David Bourget (Western Ontario)
David Chalmers (ANU, NYU)
Rafael De Clercq
Jack Alan Reynolds
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In Sebastian Luft & Søren Overgaard (eds.), The Routledge Companion to Phenomenology. Routledge (2011)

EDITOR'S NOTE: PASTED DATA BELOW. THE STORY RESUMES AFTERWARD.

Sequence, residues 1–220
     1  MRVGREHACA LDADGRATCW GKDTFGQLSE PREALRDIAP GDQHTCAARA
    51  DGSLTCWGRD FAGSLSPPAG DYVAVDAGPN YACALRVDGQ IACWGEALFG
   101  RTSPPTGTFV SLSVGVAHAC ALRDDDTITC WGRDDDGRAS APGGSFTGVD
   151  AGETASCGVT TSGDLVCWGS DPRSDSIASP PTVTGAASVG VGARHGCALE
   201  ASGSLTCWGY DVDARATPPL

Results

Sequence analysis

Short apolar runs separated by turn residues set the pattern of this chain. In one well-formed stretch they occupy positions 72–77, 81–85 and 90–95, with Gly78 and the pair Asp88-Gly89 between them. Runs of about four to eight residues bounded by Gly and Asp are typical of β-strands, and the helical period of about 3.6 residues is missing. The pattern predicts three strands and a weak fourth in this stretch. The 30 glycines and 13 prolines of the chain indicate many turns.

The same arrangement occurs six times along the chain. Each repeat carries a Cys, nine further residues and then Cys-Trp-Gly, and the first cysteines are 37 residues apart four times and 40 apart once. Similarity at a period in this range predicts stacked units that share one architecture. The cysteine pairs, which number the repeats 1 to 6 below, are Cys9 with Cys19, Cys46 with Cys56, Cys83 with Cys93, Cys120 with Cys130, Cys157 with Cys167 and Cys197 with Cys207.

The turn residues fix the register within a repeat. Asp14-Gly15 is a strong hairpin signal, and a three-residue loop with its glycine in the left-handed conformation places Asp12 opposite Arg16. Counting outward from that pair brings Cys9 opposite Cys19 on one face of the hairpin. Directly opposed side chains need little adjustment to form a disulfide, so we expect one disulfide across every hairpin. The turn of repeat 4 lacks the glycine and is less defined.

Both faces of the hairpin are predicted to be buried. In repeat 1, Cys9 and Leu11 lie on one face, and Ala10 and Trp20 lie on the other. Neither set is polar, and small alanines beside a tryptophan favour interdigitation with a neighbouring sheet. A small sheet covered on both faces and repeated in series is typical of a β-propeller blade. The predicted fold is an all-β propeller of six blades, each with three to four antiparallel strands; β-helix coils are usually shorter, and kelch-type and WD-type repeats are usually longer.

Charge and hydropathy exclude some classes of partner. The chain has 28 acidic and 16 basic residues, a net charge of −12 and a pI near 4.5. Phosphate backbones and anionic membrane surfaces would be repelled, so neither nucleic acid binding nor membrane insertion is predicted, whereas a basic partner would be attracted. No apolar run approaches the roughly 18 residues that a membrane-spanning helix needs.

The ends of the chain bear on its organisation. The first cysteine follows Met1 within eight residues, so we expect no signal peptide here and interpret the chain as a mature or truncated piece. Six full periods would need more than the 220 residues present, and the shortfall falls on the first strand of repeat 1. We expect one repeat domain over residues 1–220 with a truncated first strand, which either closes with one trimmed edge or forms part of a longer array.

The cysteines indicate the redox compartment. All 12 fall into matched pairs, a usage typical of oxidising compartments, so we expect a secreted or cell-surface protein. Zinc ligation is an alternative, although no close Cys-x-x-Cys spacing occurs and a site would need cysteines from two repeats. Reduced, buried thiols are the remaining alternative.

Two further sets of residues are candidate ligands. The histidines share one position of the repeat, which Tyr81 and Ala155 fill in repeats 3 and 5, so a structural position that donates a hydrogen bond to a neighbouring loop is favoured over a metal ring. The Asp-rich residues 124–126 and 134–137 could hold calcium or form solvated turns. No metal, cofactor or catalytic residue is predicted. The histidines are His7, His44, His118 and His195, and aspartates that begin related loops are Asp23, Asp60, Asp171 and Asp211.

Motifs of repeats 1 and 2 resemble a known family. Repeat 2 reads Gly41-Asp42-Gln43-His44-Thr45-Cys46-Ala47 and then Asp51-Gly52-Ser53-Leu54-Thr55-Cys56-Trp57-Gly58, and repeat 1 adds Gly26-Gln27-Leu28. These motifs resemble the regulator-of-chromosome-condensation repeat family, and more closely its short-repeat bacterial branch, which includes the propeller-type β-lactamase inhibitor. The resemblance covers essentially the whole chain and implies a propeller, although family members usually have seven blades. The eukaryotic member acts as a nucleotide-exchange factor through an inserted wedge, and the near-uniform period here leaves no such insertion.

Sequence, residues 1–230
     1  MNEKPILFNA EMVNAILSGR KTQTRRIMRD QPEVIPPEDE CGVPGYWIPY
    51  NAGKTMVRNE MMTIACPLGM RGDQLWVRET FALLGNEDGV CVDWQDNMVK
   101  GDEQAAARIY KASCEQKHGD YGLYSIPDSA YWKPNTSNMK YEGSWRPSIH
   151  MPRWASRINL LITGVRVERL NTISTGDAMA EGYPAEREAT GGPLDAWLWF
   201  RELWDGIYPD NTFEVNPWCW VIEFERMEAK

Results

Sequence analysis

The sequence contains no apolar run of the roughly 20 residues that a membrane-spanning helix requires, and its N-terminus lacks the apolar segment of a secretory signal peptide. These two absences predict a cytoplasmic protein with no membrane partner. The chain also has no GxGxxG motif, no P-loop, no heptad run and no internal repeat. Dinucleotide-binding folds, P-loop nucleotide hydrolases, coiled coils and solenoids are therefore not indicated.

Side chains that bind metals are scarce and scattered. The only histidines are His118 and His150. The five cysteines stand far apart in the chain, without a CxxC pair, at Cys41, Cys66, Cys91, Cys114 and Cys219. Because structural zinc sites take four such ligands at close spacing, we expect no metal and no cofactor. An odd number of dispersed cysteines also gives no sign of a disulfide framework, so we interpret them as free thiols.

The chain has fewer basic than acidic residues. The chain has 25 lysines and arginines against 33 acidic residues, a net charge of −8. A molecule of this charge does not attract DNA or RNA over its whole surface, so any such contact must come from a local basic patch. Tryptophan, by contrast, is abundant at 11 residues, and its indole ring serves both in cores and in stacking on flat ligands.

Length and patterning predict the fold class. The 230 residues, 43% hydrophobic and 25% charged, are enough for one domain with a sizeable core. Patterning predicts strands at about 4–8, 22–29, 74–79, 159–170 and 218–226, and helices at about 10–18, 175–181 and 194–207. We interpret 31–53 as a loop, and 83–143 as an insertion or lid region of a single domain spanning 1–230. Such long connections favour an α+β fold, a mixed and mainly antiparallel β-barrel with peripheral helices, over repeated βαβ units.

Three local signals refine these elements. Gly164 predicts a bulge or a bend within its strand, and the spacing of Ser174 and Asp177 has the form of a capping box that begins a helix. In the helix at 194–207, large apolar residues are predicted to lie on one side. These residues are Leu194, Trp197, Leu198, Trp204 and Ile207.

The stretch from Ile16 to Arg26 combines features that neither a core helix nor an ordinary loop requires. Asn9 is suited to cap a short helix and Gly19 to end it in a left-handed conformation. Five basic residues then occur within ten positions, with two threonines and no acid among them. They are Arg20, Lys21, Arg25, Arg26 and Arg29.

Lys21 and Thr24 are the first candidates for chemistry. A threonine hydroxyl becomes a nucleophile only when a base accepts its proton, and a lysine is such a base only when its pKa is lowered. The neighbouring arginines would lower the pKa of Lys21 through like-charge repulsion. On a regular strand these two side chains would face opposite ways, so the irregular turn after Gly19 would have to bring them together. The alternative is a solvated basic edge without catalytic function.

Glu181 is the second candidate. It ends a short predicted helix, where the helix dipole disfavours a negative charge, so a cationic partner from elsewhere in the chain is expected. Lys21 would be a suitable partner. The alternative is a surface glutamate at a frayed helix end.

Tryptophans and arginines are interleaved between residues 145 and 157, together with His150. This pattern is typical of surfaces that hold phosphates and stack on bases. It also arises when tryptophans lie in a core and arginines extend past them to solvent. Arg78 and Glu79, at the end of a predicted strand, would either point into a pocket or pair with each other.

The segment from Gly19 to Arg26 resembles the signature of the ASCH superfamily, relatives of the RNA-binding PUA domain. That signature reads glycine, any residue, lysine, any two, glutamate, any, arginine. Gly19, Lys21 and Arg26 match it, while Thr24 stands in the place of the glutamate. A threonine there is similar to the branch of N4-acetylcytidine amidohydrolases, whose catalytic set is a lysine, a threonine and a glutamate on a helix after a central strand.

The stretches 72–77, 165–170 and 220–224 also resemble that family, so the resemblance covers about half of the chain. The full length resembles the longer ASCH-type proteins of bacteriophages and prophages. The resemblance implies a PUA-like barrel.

Human freedom was Jean-Paul Sartre’s central philosophical preoccupation throughout his career. It is hardly surprising, therefore, that the cornerstone of his moral and political thought, Being and Nothingness, contains an extensive and subtle account of the metaphysical freedom that he considered fundamental to the kind of existence that humans have. Although rooted in phenomenology, Sartre’s account of freedom draws very little on analysis of the experience of freedom itself. It is rather based on a general phenomenological account of perceptual experience and the motivation of action. The result is one of the most sophisticated portrayals of freedom in Western philosophical literature. It is certainly the most detailed account of freedom given by any of those philosophers who made the description of experience their central philosophical method. This claim is more usually made for Maurice Merleau-Ponty’s account of freedom, which he presents in critical dialogue with Sartre’s, but as we will see his account stops short of a full phenomenology of agency and owes its plausibility and popularity in part to its author having asked one question too few
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